How do solar panels work?

How sunlight is transformed into electrical energy?

Solar panels – also known as photovoltaic (PV) cells – convert the Sun’s energy into electricity, which is a great alternative to costly, less environmentally friendly methods of powering your home. PV cells consist of two layers of a semiconductor material, such as silicon, and when sunlight shines on the cell it creates an electrical field between the layers. This amazing conversion of sunlight into electricity takes place because when the Sun’s energy hits a cell, some of it is absorbed – and transferred – into the semiconductor material. The energy loosens the electrons in the material, which, due to the electric fields, flow as electrical current. An inverter then converts this direct current into alternating current so it can be used in the home. To be able to store all this lovely solar energy for a rainy day would require batteries, which are pretty expensive to buy and maintain. So one solution is to hook up with the National Grid and buy power from there when you need it but sell it back when you’re producing more than you can use.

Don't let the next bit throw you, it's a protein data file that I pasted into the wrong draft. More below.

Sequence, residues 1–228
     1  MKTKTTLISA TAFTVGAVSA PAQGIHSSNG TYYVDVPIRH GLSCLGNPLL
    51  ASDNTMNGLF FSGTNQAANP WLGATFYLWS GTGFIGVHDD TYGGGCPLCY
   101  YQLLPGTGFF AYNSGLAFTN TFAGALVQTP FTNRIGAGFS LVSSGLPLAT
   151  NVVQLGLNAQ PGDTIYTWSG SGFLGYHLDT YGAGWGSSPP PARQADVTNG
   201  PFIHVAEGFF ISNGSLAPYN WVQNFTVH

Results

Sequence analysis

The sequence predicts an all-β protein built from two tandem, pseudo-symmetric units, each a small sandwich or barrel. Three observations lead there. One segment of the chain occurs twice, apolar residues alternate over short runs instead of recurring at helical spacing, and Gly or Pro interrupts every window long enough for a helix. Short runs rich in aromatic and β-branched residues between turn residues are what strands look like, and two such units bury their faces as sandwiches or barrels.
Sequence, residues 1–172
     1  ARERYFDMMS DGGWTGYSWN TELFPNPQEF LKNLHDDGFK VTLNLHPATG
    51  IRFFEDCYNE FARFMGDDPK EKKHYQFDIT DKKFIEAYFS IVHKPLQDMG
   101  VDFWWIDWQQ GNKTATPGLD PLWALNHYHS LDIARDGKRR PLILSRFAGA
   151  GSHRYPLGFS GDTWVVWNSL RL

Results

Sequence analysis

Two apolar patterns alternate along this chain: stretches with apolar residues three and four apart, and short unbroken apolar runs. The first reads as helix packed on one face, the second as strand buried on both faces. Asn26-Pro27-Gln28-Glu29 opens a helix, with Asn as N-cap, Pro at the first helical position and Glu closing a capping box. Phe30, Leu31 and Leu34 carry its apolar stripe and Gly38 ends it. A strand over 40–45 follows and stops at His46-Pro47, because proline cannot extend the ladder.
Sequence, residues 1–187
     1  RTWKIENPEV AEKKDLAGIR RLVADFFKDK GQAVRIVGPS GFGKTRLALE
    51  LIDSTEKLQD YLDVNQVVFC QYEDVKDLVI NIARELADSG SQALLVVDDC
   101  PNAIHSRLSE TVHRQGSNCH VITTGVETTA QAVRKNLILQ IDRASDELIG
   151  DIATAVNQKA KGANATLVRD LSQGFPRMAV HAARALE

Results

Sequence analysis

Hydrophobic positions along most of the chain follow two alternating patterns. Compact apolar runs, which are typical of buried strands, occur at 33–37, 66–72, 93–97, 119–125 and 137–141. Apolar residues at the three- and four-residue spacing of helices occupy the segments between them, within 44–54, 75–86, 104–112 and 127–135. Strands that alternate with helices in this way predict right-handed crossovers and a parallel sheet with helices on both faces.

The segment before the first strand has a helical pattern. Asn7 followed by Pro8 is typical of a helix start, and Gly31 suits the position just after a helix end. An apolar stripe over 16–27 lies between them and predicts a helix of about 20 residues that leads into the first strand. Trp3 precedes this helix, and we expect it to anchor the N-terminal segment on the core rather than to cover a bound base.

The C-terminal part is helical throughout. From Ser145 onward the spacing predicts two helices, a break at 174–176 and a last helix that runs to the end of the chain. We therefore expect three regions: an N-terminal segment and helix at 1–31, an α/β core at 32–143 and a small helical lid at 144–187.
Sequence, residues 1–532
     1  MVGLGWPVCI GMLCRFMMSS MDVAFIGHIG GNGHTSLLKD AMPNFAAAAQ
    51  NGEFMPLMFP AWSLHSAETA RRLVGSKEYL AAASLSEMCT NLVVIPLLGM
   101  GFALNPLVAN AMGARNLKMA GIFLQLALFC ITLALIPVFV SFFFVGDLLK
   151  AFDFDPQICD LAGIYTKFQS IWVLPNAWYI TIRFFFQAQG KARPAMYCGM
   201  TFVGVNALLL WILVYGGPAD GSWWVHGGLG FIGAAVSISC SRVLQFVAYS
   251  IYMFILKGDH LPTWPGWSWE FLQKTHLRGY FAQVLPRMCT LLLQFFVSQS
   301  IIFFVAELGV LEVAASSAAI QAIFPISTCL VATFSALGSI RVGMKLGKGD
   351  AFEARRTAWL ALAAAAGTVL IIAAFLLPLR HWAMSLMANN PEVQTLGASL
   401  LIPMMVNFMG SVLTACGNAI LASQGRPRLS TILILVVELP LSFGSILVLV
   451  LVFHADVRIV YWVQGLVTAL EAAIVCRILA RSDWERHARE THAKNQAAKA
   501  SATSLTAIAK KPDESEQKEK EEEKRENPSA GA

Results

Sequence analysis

This article was originally published in How It Works issue 4, written by Helen Laidlaw


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